Copper is an essential nutrient to the body for healthy living. It is primarily stored in the liver but small amounts are also found in all tissues in the body. Although only small amounts are required daily (1-2 mg for adults), copper plays a role in many key functions of the body’s healthy living, including the
- Growth, development, and maintenance of bone, connective tissue, brain, heart, and many other body organs.
- Absorption and utilization of iron.
- Synthesis and release of life sustaining proteins and enzymes which in turn produce cellular energy and regulate nerve transmission, blood clotting, and oxygen transport.
- Production of hemoglobin (red blood cells), collagen (component of bones and connective tissue), myelin (substance that surrounds nerve fibers), melanin (pigmentation), and elastin (connective tissue).
- Stimulation of the immune system to fight infections, repair injured tissues, and promote healing.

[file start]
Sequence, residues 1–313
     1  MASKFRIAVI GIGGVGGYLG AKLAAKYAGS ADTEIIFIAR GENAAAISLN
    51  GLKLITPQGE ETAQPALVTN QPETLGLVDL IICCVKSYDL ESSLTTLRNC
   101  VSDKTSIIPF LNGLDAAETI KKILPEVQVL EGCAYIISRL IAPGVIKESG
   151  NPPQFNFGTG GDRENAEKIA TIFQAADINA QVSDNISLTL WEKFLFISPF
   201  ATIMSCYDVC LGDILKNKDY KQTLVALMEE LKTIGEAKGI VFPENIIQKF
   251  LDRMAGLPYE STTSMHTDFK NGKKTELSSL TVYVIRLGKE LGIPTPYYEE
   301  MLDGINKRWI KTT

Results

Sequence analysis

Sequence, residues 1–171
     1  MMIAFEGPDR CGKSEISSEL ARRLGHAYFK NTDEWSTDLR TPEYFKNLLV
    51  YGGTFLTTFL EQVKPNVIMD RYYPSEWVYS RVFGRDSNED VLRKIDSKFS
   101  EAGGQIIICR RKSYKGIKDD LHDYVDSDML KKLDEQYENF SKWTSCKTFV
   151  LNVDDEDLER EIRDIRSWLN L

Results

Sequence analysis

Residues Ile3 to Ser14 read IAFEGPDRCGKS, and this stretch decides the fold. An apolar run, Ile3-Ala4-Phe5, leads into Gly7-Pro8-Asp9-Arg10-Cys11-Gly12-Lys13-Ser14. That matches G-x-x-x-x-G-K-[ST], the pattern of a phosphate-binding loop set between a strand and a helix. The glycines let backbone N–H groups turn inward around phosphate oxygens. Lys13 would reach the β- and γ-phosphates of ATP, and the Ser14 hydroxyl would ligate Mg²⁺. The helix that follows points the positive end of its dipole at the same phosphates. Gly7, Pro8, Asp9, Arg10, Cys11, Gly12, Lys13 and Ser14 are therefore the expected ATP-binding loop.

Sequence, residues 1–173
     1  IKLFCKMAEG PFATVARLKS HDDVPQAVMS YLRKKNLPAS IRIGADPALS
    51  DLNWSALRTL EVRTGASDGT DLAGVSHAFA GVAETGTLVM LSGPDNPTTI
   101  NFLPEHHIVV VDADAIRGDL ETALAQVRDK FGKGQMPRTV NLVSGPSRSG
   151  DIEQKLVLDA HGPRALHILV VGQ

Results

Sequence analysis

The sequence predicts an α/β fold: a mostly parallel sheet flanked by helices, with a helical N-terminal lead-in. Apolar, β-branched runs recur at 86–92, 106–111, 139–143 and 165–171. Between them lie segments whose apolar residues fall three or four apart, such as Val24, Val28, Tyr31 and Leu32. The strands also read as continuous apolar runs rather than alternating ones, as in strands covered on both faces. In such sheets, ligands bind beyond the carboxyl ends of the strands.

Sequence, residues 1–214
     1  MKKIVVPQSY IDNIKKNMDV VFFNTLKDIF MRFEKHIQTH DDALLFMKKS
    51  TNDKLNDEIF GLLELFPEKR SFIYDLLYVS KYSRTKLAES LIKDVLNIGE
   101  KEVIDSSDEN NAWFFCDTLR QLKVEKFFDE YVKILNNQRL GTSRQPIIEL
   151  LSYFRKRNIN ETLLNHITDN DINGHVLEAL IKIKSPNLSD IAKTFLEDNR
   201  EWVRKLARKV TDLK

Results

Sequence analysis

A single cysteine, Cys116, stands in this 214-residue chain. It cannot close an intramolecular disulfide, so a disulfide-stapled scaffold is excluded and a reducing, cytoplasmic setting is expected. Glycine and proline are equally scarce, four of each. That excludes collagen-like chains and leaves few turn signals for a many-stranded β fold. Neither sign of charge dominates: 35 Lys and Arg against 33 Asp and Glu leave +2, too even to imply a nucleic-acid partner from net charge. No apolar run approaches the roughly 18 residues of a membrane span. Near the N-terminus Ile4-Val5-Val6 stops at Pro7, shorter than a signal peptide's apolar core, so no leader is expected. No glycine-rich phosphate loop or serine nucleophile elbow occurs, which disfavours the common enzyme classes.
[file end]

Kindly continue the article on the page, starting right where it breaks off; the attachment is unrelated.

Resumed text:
Copper is also becoming a vital treatment in many common health issues such as anemia, rheumatoid arthritis, and strokes.
Foods that contain copper include seafood (oysters, lobster, mussels, crab), organ meats (beef, liver, kidneys, hearts), enriched cereals (bran flakes, shredded wheat, raisin brain), fruits and vegetables (mushrooms, tomatoes, potatoes, bananas, and grapes), and nuts (cashews, macadamia, pecans, and pistachios).
1. University of Maryland Medical Center Article, www.umm.edu/altmed/articles/copper-000296.htm
2. The Benefits of Copper by Dr. George Obikoya, www.vitamins-nutrition.org/vitamins/copper.html
3. Copper – An Essential Nutrient by Suzanne VanDeGrift,